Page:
September’s IABC luncheon will serve up Elizabeth (Beth) Weiss, APR, Omaha, sharing what happened when Donald Trump challenged celebrities with marketing the appeal of Omaha Steaks, a Nebraska-based company that has earned an international reputation for quality products.
The September 20 luncheon will get underway at NET, 1800 N. 33rd St., with registration and networking beginning at 11:45 a.m. Beth’s presentation will go from Noon to 1 p.m., with time for questions and answers.
Beth has served as corporate communications director for Omaha Steaks since 2005, and public relations manager there since 2001. A former member of the Board of Directors of Public Relations Society of America-Nebraska chapter, Beth also served on the national public affairs committee of the American Meat Institute, and is a member of the Integrity Awards committee of the Heartland Better Business Bureau.
A graduate of the University of Nebraska-Lincoln, she has worked in advertising, marketing communications and public relations for more than 25 years with companies, including Mutual of Omaha, the Scoular Company, and UnitedHealthcare of the Midlands.
by Mike Mascoe, Public Information Specialist, Lower Platte South Natural Resources District
I tolerate salad. It’s never been a favorite of mine, so, obviously, I don’t attend many IABC meetings for the food. It’s the networking and presentations I enjoy most. At the August 23rd meeting I met Jerry Kane of Nebraska Game and Parks. At this meeting there wasn’t time for much chat, but the lengthy presentation; Steve Crescenzo’s “Writing for New Media” webinar; more than made up for the shortened networking. Crescenzo has an informal, off-the-cuff presentation style, which is exactly what he advocates in social media writing. Even if you’re representing your employer, Crescenzo suggests the most successful “blogs” (he used the term blogs to also mean Facebook and Twitter) feature people being themselves.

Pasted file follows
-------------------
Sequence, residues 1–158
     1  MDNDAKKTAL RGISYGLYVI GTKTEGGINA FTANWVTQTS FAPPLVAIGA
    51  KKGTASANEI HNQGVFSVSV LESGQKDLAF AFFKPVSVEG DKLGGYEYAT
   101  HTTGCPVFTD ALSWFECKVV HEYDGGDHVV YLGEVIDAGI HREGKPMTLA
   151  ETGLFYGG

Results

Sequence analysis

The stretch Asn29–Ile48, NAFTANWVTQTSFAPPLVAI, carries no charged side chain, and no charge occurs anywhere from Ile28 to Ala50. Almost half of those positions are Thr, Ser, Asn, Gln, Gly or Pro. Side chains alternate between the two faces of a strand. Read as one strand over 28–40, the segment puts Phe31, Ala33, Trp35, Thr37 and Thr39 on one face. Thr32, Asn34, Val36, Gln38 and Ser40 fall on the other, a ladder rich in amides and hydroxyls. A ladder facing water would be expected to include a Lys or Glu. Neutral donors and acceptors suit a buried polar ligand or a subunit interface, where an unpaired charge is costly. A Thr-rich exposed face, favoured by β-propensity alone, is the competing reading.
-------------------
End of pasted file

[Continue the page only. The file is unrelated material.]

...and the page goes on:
Really successful new media writing, Crescenzo stressed, has three elements: you writing to the audience, the audience writing to you and the audience writing to each other. He showed great communication skills when he explained how all three of these elements came together in a blog by Bill Marriott that resulted in “incredible publicity” for the hotel giant.
Another great tip was to tell new media users who is writing. No one wants to talk to the NRD. They want to talk to Sally or George. Have the writer initial each entry and have it link to a page about the writer.
Two final suggestions he makes is to always keep in mind what you’re trying to accomplish and if you want responses to your entries, ask for them. So, here goes…How ‘bout pizza sometime?
Click here to register for the IABC Lincoln September networking event, “You’re Fired! The Celebrity Apprentice” featuring Beth Weiss, Corporate Communications Director for Omaha Steaks.